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Monday September 30, 2013 MYT 5:28:00 PM
Monday September 30, 2013 MYT 5:29:48 PM
by cecilia kok
KUALA LUMPUR: Despite the perception of widespread corruption in Malaysia, many companies believe that the Government’s anti-bribery initiatives are moving in the right direction.
“Of the executives in Malaysia polled for our first Asia-Pacific Fraud Survey, 56% believe that the Malaysian government’s efforts against bribery have had a sustained impact on the level of bribery in the country,” Ernst & Young (EY) Malaysia country managing partner Datuk Abdul Rauf Rashid said in conjunction with the launch of the Asia-Pacific Fraud Survey Report Series 2013 here on Monday.
The same report, which was entitled “Building a more ethical business environment”, had earlier been released in Hong Kong, while Singapore was expected to launch the report for its market within this week.
EY’s survey on Corporate Malaysia, which polled around 100 companies from various industries, found that the perception of widespread corruption was still persistent, with 39% of the respondents saying that bribery or corrupt practices were happening widely in the country.
That was nearly double the Asia-Pacific average of 21%.
In addition, 29% of the respondents in Malaysia said that bribery or corrupt practices had actually increased due to tough economic times and increased competition, while 15% regarded the use of bribery to win contracts as a common practice.
“The survey results show that, even though policies are in place, there is still a disconnect between the policies and the practical application against fraud, bribery and corruption activities, which continue to be perceived as a common practice in the marketplace,” Rauf said.
“The disconnect between theory and reality also indicates that many organisations could be under a misperception that they are adequately addressing fraud, bribery and corruption issues, when in reality, they are still exposed to substantial risks,” he added.
The fight against corruption in Malaysia, Rauf noted, was a journey that would take time to take effect.
“It will not happen overnight,” he said, adding that such efforts would also need to be accompanied by a change in people’s mindset, culture and practices.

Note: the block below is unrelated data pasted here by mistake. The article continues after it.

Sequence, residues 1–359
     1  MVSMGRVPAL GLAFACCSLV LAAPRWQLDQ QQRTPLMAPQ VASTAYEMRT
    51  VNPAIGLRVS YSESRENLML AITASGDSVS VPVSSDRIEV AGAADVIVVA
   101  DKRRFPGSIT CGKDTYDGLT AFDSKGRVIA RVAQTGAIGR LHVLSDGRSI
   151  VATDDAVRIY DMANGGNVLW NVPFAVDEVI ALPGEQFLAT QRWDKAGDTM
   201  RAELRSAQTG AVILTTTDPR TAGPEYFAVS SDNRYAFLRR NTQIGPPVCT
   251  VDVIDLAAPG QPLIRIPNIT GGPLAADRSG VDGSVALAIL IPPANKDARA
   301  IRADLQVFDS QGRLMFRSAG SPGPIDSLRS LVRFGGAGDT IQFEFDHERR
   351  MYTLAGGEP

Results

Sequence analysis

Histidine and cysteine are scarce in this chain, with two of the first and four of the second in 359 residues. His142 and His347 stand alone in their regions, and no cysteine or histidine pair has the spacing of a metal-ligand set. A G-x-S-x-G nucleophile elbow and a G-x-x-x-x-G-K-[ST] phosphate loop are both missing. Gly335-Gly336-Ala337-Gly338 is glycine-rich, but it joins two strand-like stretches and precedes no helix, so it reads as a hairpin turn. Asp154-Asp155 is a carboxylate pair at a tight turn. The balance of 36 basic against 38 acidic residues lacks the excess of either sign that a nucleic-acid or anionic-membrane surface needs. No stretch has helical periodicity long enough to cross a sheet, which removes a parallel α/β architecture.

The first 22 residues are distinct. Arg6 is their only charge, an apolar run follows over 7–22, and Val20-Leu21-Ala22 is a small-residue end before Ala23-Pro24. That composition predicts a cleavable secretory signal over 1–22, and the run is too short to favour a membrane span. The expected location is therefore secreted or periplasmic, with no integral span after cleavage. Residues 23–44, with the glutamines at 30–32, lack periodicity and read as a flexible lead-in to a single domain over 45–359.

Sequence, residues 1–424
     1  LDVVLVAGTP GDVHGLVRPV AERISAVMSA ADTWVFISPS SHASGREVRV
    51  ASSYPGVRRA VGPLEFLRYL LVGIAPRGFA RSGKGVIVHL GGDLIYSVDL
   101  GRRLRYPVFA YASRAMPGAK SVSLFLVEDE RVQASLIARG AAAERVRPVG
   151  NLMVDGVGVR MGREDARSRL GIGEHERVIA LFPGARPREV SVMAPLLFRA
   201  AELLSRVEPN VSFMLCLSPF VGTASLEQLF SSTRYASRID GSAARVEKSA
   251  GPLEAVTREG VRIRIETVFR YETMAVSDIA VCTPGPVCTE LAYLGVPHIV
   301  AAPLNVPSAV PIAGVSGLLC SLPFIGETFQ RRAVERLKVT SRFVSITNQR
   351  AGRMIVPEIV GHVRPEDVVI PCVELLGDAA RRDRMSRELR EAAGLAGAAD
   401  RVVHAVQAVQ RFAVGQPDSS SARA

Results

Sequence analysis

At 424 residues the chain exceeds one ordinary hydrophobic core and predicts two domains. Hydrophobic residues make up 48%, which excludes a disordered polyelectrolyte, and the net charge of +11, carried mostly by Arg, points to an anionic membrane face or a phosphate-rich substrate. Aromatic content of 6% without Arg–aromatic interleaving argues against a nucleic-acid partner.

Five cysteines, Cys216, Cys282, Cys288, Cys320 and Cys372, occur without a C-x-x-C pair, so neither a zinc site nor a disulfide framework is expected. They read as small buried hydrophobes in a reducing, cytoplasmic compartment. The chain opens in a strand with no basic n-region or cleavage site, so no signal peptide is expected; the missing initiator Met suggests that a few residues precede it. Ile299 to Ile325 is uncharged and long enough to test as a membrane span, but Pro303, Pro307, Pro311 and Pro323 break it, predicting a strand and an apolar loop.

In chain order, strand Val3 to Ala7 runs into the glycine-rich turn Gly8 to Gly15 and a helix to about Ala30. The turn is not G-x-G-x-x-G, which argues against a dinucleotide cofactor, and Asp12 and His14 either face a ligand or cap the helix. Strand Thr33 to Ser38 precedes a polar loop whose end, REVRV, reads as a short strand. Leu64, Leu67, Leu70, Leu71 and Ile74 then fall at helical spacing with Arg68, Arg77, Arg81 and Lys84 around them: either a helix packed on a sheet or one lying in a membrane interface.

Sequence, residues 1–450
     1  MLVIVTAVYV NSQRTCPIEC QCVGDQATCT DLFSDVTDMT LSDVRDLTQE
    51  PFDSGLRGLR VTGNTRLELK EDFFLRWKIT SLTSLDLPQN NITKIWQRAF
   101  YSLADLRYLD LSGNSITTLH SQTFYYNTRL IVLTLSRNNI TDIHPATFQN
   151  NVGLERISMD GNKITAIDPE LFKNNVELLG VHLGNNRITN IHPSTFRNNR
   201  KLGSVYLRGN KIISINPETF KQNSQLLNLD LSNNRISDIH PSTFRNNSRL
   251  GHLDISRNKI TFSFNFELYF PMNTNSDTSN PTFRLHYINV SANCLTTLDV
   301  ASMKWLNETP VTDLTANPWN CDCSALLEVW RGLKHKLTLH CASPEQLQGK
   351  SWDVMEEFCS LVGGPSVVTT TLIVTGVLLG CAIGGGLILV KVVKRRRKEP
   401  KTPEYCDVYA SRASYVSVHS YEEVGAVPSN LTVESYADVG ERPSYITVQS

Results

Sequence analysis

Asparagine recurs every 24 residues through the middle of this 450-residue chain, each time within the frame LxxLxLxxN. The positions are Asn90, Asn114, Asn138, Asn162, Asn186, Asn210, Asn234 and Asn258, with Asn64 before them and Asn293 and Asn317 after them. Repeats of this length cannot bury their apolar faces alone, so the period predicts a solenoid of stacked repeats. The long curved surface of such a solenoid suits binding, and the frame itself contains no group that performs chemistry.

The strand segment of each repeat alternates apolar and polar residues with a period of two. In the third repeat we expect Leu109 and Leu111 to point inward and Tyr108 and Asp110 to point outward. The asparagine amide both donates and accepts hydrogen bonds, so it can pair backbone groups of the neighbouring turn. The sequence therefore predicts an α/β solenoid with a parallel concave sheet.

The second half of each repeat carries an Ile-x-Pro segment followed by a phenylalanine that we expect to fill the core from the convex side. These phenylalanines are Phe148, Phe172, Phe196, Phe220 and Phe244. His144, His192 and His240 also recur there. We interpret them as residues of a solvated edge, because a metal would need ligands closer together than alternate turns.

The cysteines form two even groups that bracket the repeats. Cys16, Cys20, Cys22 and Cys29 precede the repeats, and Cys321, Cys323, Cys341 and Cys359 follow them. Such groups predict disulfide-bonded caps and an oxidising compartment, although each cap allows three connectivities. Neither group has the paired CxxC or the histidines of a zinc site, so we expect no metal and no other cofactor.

“Clearly, we have more work to do to fight fraud, bribery and corruption in the country, but Malaysia is definitely moving in the right direction,” EY advisory partner and Asean risk leader Philip Rao said.
“With laws against bribery and money laundering, as well as the Whistleblower Protection Act, there is an expectation to see improvements as Malaysia facilitates protected disclosures and shields for whistleblowers against retaliatory action from employers through criminal sanctions,” Rao explained.
The EY’s survey revealed that around 77% of the companies polled in Malaysia had a whistleblowing hotline in their companies. This was the highest among the Asia-Pacific markets surveyed.
Companies in Malaysia also fared well in terms of having an anti-bribery/anti-corruption (ABAC) policy and code of conduct, with 45% respondents saying they had such mechanisms in place, compared with the Asia-Pacific average of 40%.
Respondents from Malaysia were also found to be satisfied with their companies’ anti-bribery and corruption policy, with 55% describing it as relevant and effective.
To manage the risk of fraud, bribery and corruption, EY noted that Malaysian companies need to continue to focus on five specific proactive measures.
These included having a two-way communication, with the senior management setting the tone with a robust framework of rules, employee standards and a culture of compliance, while employees taking the initiative and step forward when they observed unethical behaviour; and having shared accountability with companies encouraging greater employee input on fraud, bribery and corruption policies.
Companies, EY noted, should also make compliance relevant to local teams by engaging them to manage specific requirements while retaining a robust and consistent approach; conduct regular assessments to formulate a game plan to deal with new issues that arises in the course of doing business; and invest in tools and resources, especially data analytics, to detect risks.
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